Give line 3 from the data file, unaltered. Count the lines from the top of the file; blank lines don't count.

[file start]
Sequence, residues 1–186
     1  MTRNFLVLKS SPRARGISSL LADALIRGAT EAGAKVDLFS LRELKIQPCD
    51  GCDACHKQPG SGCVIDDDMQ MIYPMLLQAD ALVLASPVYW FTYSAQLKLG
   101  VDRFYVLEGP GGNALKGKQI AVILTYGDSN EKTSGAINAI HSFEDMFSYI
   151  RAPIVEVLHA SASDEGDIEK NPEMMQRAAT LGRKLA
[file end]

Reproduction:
    51  GCDACHKQPG SGCVIDDDMQ MIYPMLLQAD ALVLASPVYW FTYSAQLKLG